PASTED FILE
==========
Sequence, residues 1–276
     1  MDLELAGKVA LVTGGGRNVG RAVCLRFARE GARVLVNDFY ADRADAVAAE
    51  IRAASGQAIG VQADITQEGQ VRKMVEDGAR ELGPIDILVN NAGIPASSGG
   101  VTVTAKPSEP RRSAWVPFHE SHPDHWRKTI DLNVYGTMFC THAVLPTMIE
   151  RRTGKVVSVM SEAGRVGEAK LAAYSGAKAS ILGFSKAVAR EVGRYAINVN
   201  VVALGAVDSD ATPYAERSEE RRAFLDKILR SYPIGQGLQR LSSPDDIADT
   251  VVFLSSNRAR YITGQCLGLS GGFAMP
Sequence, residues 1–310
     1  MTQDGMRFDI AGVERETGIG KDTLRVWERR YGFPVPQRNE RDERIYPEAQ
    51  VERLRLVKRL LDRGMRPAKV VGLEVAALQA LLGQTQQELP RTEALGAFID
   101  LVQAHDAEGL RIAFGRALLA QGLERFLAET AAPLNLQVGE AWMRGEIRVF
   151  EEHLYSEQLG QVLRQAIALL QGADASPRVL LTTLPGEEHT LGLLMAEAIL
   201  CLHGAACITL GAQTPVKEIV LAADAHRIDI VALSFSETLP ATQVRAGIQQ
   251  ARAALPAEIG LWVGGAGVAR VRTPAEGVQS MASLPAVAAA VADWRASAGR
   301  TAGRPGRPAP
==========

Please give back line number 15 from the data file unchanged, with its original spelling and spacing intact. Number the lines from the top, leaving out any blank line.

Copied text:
   301  TAGRPGRPAP